Canadiens 7, Maple Leafs 1
Wednesday, February 1, 1967
Forum de Montréal, Montréal, QC
A two-inch-wide goalpost set the stage for the Toronto Maple Leafs’ 7-1 loss to the Montréal Canadiens last night at The Forum.
The Leafs were trailing 2-1 early in the second period and were pressing for the tying goal. Suddenly Leaf centre Red Kelly battled his way down the boards. He fought past Montréal defenceman Terry Harper at the blueline and darted in on goal. Kelly slid a perfect pass to right winger Ron Ellis, who fired almost as quickly as the puck hit the blade of his stick.
It looked like a goal as it whizzed past goalie Charlie Hodge, who moved out to cut down the angle. But the puck caromed off the goalpost. Ellis chased after the rebound but the Habitants were in full flight. Harper fed a pass to Gilles Tremblay, who drilled a high shot from a difficult angle off goalie John Bower’s shoulder.
Bower lost sight of the puck as it bounced high in the air. Luck is with the Canadiens and it fell in front of the net. Henri Richard carefully bunted it into the net.
This was the turning point in the game.
Instead of the game being tied 2-2 the score was 3-1 and the rout was on. The Leafs were headed toward their eighth loss in a row.
Two more goals zipped past Bower before the period ended and two more were belted past him in the final period. The only surprising statistic was that the Canadiens outshot the Leafs only 29-28.
In only one other season in the 41-year history of the club have the Leafs lost eight games in a row. They lost the last eight games in the 1957-58 season and started the following season with three losses. Billy Reay, now with Chicago, was the coach.
The record for consecutive losses in one season is held by the defunct Philadelphia Quakers, who lost 15 without a tie or win during the 44-game schedule of the 1930-31 season.
Montréal probably would have won anyway, even if Ellis had tied the game. The Canadiens had a slight edge over the Leafs until the turning point and were skating with the confidence and poise they employed in winning the Stanley Cup last season.
But the Leafs, employing three players up from Rochester, Larry Hillman, Dick Gamble and Jim Pappin, might have made more of a game of it. As the score mounted the Leafs more and more looked like a team that does not have the personnel or the spirit to make the playoffs.
The Leafs actually led 1-0 when Bob Baun fired a shot from the blueline that ricocheted off a Montréal defender past Hodge. It was Baun’s first goal of the season.
That lead lasted until Yvan “The Terrible” Cournoyer took over to provide all the goals Montréal needed. The power play specialist, who has earned a berth on a regular line with Jean Béliveau and John Ferguson, scored twice while the Leafs were shorthanded late in the first period.
His two goals were his 17th and 18th of the season, 14 on power plays. The National Hockey League record is 22, held by Bobby Hull.
Cournoyer, who has scored 10 of his goals against Leafs nine on power plays, poked in a rebound from a scramble in front of Bower. His second came after Bobby Rousseau put him in the clear and he skated in to beat Bower with a waist-high shot.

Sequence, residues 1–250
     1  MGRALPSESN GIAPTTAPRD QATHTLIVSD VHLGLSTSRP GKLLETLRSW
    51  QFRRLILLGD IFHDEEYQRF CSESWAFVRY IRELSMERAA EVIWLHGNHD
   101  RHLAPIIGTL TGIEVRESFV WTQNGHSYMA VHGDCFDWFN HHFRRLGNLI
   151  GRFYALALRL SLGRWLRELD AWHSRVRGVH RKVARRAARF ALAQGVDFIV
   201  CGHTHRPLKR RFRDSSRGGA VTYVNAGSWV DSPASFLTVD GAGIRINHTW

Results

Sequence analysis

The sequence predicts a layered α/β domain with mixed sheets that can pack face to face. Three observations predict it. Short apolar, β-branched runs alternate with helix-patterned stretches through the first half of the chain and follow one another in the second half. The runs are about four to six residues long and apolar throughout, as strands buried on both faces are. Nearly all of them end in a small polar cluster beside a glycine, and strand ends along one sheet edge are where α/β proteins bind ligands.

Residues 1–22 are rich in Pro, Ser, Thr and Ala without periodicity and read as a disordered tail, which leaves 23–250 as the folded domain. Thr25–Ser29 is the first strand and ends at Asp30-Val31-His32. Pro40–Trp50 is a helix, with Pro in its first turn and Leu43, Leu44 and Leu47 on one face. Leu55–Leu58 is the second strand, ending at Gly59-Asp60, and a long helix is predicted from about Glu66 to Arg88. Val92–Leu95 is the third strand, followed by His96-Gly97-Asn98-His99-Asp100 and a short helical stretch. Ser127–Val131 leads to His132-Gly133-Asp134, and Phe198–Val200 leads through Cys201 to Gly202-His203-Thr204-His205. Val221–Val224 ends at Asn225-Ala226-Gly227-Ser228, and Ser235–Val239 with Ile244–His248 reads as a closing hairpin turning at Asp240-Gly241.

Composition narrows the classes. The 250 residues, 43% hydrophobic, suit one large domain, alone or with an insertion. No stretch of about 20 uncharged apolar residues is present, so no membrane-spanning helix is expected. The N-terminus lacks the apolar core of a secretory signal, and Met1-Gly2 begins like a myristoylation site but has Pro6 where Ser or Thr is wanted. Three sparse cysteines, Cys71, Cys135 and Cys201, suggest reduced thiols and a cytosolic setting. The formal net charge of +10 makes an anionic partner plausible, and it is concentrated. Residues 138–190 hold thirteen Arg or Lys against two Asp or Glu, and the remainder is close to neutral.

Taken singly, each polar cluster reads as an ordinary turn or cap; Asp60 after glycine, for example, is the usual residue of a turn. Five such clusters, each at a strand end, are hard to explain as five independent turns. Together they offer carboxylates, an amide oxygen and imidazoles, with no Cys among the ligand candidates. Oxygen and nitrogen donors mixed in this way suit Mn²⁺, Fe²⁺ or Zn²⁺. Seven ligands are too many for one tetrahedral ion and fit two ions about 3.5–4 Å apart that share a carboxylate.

Montréal’s other scorers were Ralph Backstrom, Dick Duff, Béliveau and Gilles Tremblay.
The Leafs looked like a reformed team until Richard’s goal. They were skating and hitting with more authority than in their previous seven games.
They had numerous opportunities to score but over-anxiousness and a bouncing puck foiled their chances.
Defenceman Hillman was the best of the three minor league additions – he teamed with Tim Horton, who was the Leafs best player. Pete Stemkowski, digging and hitting resolutely, was rated the Leafs’ best forward by assistant manager King Clancy.
In their eight-game tailspin the Leafs have scored 12 goals, compared with 38 by the opposition.
Baun was on the ice for five of the Montréal goals. His partner on four of the goals was Marcel Pronovost. Allan Stanley was his mate on the other. Horton and Hillman were on for two.
The Leafs have given up 32 power-play goals and have scored 22.
Coach Punch Imlach finally benched Ron Ellis and Larry Jeffrey, his regular penalty killers, after Cournoyer’s first goal. Brian Conacher, who missed numerous scoring chances, and Bob Pulford were up front for Cournoyer’s second goal. Pulford pulled a muscle in his shoulder and remained on the bench in the final period.
The Montréal defence, led by Harper, Jacques Laperrière and J.C. Tremblay, was impressive. So were forwards Richard, Tremblay and Rousseau.
Story originally published in The Globe & Mail, February 2, 1967
TOR GOAL – 01:53 – Baun (Pronovost)
TOR PEN – 14:34 – Pronovost, elbowing
MTL PP GOAL – 15:10 – Cournoyer (Ferguson, Rousseau)
TOR PEN – 17:39 – Horton, interference
MTL PP GOAL – 19:13 – Cournoyer (Rousseau)
MTL GOAL – 05:50 – Richard (G. Tremblay, Harper)
MTL GOAL – 12:08 – Backstrom (G. Tremblay, J. Tremblay)
MTL GOAL – 14:22 – Duff (Rousseau, Richard)
MTL GOAL – 00:57 – G. Tremblay (Backstrom, Larose)
MTL GOAL – 14:56 – Béliveau (Ferguson)
MTL PEN – 15:49 – Price, hooking
MTL – Hodge (W, 27-28)
TOR – Bower (L, 22-29)
MTL – Goaltenders: Charlie Hodge, Gump Worsley. Defence: Terry Harper, Jacques Laperrière, Noel Price, Jim Roberts, Jean-Guy Talbot, J.C. Tremblay. Forwards: Ralph Backstrom, Jean Béliveau (C), Yvan Cournoyer, Dick Duff, John Ferguson, Claude Larose, Claude Provost, Henri Richard, Bobby Rousseau, Gilles Tremblay.
TOR – Goaltenders: Johnny Bower, Gary Smith. Defence: Bobby Baun, Larry Hillman, Tim Horton, Red Kelly, Marcel Pronovost, Allan Stanley. Forwards: George Armstrong (C), Brian Conacher, Ron Ellis, Dick Gamble, Larry Jeffrey, Dave Keon, Jim Pappin, Bob Pulford, Pete Stemkowski, Mike Walton.